Skip to main content

Military Health System

Paving the way for women in military medicine: Dr. Mary Edwards Walker

Image of Old picture of Dr. Mary Edwards wearing her Medal of Honor. A photo by Mathew Brady of Dr. Mary Edwards Walker circa 1866, shown wearing her Medal of Honor (Photo by: Courtesy of National Archives).

Recommended Content:

Our History | Military Health Medal of Honor Recipients | Women's Health

Dr. Mary Edwards Walker was the first woman to be appointed as an assistant surgeon in the U.S. Army, she is also the only woman to date to have received the Medal of Honor, the U.S. government's highest and most prestigious military decoration.

Born in Oswego, New York, on Nov. 26, 1832, Walker graduated from Syracuse Medical College with honors in 1855. She subsequently married Albert Miller, and they started a medical practice in Rome, New York, shortly thereafter.

At the onset of the Civil War, Walker, then 23, traveled to Washington seeking a commission as an Army surgeon or a position as a contract surgeon. Both requests were denied as there was no policy in place for hiring female physicians. She then volunteered as a nurse, but continued to request a commission as an Army surgeon. After three years of persistence, she was hired as a contract surgeon and attached to the 52nd Ohio Infantry.

Walker served at the first Battle of Bull Run and the Battle of Fredericksburg, often near the Union front lines.

Army Maj. Gen. George Thomas and Maj. Gen. William Sherman, general of the Union Army, noted that Walker "...passed frequently beyond our lines far within those of the enemy and, at one time, gained information that led Gen. Sherman to modify his strategic operations as to save himself from a serious reverse and obtain success where defeat before seemed to be inevitable."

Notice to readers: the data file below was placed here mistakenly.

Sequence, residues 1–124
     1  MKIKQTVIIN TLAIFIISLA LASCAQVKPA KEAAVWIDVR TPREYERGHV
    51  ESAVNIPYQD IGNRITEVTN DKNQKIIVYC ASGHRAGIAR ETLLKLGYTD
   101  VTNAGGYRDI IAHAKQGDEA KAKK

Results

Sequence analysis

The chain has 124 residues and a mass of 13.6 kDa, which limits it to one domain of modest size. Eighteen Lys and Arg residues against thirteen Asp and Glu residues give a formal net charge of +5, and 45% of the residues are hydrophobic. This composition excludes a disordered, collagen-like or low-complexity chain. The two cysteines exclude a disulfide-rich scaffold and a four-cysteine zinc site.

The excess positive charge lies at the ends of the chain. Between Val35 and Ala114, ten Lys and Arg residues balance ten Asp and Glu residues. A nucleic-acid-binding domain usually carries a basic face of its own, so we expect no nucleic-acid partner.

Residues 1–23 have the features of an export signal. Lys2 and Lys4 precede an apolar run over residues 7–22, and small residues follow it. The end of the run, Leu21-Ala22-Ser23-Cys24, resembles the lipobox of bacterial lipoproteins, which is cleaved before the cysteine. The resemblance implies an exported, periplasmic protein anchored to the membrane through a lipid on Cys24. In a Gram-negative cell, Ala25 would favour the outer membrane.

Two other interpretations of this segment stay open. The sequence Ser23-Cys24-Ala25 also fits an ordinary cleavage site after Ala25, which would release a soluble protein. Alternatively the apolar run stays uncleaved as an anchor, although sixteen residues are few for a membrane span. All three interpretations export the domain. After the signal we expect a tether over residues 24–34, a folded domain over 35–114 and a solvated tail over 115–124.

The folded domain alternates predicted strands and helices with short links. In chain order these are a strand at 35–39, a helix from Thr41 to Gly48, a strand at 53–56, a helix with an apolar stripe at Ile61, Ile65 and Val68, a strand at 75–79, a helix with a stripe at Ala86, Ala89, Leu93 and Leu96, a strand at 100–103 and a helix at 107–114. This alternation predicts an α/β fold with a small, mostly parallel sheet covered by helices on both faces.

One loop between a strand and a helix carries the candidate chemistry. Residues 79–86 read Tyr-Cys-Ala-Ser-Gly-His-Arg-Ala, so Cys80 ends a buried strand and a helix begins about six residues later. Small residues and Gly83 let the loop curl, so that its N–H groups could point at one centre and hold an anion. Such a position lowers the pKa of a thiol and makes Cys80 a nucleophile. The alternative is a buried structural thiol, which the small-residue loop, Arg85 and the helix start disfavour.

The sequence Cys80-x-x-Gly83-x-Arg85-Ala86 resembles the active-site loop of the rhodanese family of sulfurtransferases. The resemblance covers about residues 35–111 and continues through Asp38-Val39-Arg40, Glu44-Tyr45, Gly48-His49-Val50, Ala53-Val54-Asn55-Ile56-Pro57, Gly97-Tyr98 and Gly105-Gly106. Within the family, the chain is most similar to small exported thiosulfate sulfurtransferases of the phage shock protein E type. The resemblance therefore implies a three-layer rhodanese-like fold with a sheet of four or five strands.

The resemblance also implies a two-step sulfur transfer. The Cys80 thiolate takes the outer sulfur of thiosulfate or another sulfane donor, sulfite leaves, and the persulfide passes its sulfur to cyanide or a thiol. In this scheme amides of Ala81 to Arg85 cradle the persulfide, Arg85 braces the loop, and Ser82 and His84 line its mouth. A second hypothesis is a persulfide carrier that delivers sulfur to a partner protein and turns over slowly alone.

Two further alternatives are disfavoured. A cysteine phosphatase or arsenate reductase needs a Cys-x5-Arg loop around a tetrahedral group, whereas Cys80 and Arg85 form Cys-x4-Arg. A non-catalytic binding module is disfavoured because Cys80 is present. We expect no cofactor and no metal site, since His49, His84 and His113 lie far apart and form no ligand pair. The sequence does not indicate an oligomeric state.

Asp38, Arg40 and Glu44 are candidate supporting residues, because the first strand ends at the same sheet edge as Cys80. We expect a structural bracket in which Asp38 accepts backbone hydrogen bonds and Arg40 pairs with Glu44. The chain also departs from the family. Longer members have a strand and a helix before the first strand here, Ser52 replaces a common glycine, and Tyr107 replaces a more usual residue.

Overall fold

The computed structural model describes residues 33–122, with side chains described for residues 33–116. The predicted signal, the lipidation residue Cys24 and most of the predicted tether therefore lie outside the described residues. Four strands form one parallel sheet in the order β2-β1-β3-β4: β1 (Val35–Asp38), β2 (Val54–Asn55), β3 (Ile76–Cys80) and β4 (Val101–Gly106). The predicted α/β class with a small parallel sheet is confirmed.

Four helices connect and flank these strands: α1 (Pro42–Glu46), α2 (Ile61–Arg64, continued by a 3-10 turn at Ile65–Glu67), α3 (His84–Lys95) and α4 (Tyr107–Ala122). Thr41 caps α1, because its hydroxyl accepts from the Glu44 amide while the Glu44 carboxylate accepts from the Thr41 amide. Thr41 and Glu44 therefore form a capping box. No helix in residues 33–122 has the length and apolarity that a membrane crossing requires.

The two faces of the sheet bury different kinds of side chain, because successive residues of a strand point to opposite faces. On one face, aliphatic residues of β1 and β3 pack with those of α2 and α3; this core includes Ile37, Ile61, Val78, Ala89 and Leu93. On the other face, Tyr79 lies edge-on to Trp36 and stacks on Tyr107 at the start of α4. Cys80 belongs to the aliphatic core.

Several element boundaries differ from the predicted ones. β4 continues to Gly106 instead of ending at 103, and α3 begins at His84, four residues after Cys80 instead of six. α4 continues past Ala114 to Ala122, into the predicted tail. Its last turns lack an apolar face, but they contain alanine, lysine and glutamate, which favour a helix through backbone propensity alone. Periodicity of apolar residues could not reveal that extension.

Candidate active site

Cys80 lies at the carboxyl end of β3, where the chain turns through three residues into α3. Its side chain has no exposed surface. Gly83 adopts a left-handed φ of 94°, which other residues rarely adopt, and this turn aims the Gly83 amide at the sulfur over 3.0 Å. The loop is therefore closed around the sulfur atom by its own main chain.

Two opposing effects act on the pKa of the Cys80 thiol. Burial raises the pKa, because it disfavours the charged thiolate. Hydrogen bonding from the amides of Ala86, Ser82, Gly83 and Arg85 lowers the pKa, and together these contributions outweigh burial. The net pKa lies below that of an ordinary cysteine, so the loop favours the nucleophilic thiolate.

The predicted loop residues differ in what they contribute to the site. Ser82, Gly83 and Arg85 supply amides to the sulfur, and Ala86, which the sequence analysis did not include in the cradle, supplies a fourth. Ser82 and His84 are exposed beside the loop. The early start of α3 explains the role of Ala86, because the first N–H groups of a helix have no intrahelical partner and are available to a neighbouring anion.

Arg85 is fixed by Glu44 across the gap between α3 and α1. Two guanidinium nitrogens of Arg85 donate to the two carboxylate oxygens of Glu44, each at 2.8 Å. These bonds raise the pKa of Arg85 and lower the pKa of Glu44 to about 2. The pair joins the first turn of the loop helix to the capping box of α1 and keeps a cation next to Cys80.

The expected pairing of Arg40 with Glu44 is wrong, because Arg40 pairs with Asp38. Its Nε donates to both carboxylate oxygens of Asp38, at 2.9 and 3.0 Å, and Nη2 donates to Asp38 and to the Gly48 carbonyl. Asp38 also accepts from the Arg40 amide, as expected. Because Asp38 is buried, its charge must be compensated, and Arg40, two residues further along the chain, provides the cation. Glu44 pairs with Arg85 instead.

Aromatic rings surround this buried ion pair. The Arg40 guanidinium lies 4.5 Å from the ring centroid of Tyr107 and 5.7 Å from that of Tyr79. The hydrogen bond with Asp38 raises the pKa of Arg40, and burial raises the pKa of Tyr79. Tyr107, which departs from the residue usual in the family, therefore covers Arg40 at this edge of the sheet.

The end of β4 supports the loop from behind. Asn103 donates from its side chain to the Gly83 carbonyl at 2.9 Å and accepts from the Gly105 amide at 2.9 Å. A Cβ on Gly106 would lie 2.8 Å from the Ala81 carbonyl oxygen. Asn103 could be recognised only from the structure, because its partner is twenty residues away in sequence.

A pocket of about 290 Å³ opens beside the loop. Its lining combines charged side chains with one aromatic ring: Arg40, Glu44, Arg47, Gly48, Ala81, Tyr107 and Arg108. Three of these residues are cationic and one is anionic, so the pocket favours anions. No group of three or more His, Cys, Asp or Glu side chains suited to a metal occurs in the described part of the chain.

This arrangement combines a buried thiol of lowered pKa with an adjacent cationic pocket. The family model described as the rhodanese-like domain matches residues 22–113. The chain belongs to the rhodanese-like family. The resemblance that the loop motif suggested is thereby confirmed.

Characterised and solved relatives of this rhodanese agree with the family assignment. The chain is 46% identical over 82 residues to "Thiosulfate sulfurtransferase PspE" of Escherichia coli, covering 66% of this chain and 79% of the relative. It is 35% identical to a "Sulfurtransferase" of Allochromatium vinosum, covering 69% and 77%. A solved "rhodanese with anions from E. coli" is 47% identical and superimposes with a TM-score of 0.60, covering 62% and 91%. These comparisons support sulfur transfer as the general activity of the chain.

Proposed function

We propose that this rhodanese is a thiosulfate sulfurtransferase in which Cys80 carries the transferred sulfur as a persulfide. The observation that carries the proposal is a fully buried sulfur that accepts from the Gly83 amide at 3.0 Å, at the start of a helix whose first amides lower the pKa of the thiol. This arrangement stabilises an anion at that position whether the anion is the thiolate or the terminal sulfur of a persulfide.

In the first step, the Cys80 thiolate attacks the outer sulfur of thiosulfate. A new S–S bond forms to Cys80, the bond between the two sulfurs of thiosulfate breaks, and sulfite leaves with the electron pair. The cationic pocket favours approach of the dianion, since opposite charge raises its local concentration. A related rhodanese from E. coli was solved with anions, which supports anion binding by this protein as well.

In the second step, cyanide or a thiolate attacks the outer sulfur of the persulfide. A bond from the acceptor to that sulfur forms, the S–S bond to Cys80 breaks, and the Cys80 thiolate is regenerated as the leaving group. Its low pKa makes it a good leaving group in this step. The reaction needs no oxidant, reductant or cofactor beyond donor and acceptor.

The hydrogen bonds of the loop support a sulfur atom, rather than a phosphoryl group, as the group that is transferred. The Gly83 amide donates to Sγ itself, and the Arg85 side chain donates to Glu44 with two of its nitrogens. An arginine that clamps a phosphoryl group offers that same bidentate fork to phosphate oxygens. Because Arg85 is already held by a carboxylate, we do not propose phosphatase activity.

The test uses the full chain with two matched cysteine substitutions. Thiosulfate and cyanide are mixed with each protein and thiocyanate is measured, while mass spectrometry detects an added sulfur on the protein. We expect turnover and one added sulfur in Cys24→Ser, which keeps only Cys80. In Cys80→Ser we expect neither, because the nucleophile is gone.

Walker's insistence on tending to injured civilians inside Confederate territory led to her being captured as a spy by Confederate forces near Chattanooga, Tennessee, in 1864 after helping a Confederate doctor perform an amputation. She was held in a prison in Richmond, Virginia, for four months and commissioned as an acting U.S. Army assistant surgeon following her release.

Picture of a pocket surgical kit
Dr. Mary Edwards Walker’s pocket surgical kit, on display at the National Museum of Health and Medicine. Pocket surgical kits were designed to be compact and customizable, allowing surgeons to carry the tools they found most useful on their person for small surgeries or emergencies in the field (Photo by: Matthew Breitbart, National Museum of Health and Medicine). 

Following her actions during the war, President Andrew Johnson awarded Walker the Medal of Honor for, “conspicuous gallantry and intrepidity at the risk of life above and beyond the call of duty.” Aside from being the only woman to receive the Medal of Honor, she is also one of only eight civilians to receive the award.

After the war, Walker served as assistant surgeon at a women's prison in Louisville, Kentucky, and as the head of an orphanage in Tennessee. She also became a writer and a lecturer, supporting issues including health care and women's rights.

In 1916, Walker's medal was rescinded with 910 others for there being "no evidence of distinguished gallantry." Walker refused to surrender her medal and died in 1919. In 1977, then-Secretary of the Army Clifford Alexander Jr. ordered that her name be restored to the Medal of Honor roll.

Walker's contributions to military medicine served to open the door for all women serving throughout the Department of Defense and Military Health System today.

Walker's pocket surgical kit, which features the tools she used while working in the field, is part of the National Museum of Health and Medicine's historical collection and is on display at the museum.

Information for this article came from the National Museum of Health and Medicine.

You also may be interested in...

Historic observance celebrates the achievements of women

Article
3/25/2021
A flyer of three women in three separate pictures smiling

The DHA held a virtual observance—featuring a panel discussion on women’s history— in honor of Women’s History Month.

Recommended Content:

Brain Injury Awareness To Improve Readiness | Brain Injury Awareness To Improve Readiness | Women's Health

DHA implements standard practices to improve maternal outcomes

Article
3/24/2021
Military health personnel wearing face mask during medical training

DHA-PI 6025.35 provides guidance for implementation of a postpartum hemorrhage bundle at all MTFs providing obstetrical care.

Recommended Content: